Most people think of a contradiction as two statements that conflict with each other. Sometimes if a person sees two or three different sets of details in the Gospels, they believe this constitutes a contradiction.
Cannot Be True At The Same Time
In the technical sense, a contradiction occurs when there are statements which describe a particular topic that cannot all be true at the same time. For example: Jesus went to Galilee, and Jesus did not go to Galilee. It is impossible for both of these statements to be true at the same time since they are divergent to each other.
Can Be True At The Same Time
When differences are seen in an account by multiple writers, but they can all be true at the same time, this defines these descriptions as contradictory. If these details are simply things that one person remembered that another did not, these are normal attributes of truthful testimony.
The following example from Matthew 20:29-34, Mark 10:46-52, Luke 18:35-43 would often be seen by many people as contradictory:
And as they departed from Jericho, a great multitude followed him….
And they came to Jericho: and as he went out of Jericho with his disciples, a great number of people also followed…
And it came to pass, that as he was near Jericho, a certain blind man sat by the road begging…
These three statements, though they include different details, they can all be true at the same time.
- Matthew said they departed from Jericho.
- Mark said they came to Jericho.
- Luke said they were near Jericho.
All three descriptions are of the same event. Jesus is walking from Jerusalem to Jericho with the twelve disciples. We will see in just a few paragraphs that all three can be true at the same time, if we understand where these men are on the road to Jericho.
A Second Possible Contradiction:
All three writers agree that this event took place at or near Jericho. The event that we are primarily concerned with is the healing of Bartimaeus.
- Matthew states that “two blind men were sitting by the road…”
- Mark states that “blind Bartimaeus, the son of Timaeus, sat by the side of the road, begging…”
- Luke states that “a certain blind man sat by the road begging…”
Is it a contradiction that Matthew remembered two blind men, while Mark remembered only Bartimaeus? Luke remembered one blind man, but did not know his name?
Again, it looks like a contradiction, but all three statements can be true at the same time, defining these three statements as non-contradictory.
Differences In Where This Event Took Place:
- Matthew begins his testimony with Jesus and the disciples going out of Jericho.
- Mark begins his recollection with the group coming into Jericho and going back out.
- Luke states that these men were coming near Jericho.
The city of Jericho is just five miles west of the Jordan river and about fifteen miles northwest of Jerusalem. We should remember that the old city of Jericho was destroyed, as recorded in Joshua chapter 6, and it was never rebuilt. A new city of Jericho was built to the south of the old city by Herod the Great who had a summer palace at that location. This event that the three Gospel writers record, took place somewhere between the Old City and the New City of Jericho, on the road from Jerusalem. This explains the diversity of their descriptions.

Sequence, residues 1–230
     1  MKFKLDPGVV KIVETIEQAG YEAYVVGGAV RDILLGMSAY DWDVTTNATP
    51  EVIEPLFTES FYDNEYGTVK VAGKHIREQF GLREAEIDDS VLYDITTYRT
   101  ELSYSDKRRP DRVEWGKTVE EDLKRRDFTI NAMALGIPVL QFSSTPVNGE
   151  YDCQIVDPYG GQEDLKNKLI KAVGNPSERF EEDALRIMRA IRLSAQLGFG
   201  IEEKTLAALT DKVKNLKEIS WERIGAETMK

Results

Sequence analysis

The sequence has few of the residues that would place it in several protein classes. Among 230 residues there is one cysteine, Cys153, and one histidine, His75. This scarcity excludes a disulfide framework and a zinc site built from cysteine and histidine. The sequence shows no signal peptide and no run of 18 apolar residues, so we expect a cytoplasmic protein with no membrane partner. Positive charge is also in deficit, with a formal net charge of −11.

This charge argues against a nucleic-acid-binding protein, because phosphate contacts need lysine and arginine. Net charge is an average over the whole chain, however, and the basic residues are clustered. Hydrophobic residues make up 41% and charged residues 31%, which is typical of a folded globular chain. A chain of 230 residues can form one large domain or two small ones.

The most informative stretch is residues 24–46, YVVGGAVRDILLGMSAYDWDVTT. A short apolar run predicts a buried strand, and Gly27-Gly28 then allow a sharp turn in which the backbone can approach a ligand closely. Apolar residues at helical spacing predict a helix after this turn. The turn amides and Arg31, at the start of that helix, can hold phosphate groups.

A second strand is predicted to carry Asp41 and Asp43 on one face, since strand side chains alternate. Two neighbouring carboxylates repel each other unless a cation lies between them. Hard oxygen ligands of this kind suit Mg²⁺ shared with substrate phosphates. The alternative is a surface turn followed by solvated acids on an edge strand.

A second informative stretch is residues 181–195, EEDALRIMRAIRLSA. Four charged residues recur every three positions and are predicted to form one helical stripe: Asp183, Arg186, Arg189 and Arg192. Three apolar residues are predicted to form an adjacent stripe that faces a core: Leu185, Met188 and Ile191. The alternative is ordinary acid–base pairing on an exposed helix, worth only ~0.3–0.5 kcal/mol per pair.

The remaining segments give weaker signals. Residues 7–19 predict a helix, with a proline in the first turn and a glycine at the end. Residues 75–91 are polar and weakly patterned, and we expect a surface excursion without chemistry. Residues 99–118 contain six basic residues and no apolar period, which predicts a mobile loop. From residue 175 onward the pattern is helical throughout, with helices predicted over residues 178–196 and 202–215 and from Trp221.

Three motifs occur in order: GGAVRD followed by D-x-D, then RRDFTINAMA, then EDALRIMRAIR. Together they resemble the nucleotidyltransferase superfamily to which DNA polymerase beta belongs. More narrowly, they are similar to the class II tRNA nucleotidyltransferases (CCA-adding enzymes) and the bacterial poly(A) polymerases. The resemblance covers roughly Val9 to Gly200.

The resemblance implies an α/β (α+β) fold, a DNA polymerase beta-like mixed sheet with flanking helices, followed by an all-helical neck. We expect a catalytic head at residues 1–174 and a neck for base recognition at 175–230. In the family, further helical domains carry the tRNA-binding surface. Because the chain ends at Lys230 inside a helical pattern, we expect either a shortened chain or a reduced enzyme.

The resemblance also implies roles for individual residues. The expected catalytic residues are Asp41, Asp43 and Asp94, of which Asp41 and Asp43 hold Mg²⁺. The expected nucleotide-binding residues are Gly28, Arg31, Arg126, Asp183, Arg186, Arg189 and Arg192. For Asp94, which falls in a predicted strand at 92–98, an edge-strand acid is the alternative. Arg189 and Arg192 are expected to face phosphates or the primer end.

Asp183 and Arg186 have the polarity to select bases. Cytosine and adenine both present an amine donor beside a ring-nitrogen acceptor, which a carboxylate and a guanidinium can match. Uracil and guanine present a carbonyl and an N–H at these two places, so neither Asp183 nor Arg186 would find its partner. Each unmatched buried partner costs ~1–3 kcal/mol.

By the testimony of all three men, it appears that the healing of Bartimaeus took place somewhere outside the new city of Jericho. Each of the three men who recorded this event, saw this event taking place from a slightly different perspective. This is what we would expect to see, if we read the testimony of any three individuals who were asked to write what they saw.
In any event, whether this all took place while going out of the old city of Jericho, coming into the new city of Jericho or while they were near the new city of Jericho, it does not affect the validity of the story which describes Jesus healing a man who was blind. There very well may have been two or more blind men; as they would often travel together to gain as much attention from those who would pass by. The focus of the story is on Jesus healing a blind man; in this, all three writers agree.
The fact that we see three different descriptions of the location from the same event, in which Bartimaeus was healed by Jesus, leaves us with a great deal of evidence in support of this account as genuine. These three narratives do not conflict with each other, they simply record the perspectives of each individual writer in remembering what took place. All three men record that Jesus healed Bartimaeus, and this is the point of the entire story. The principle importance of this event is that Jesus has the power to cause a man who was born blind, to see again; signs that can only be attributed to a work of God, as the Messiah.
Knowledge Of What We Are Reading Is Crucial
For the untrained, seeing these differences appears to be evidence of contradictions. What defines these three versions of the same event as non-contradictory is the fact that all three of the different statements can all be true at the same time, without excluding the other statements.
When people are reading through the Bible and they encounter these differences between the four Gospels that describe the same event, they think, or are told by a critic who wrote an article about these differences, that what they are reading is inconsistent with truthful testimony.
In fact, when professional organizations like the FBI us forensic techniques to examine written text, they look for these differences in details as evidence of truthful statements. What we observe in the above three accounts of Matthew, Mark, and Luke for Blind Bartimaeus, is exactly the kind of forensic evidence that proves these three men are telling the truth.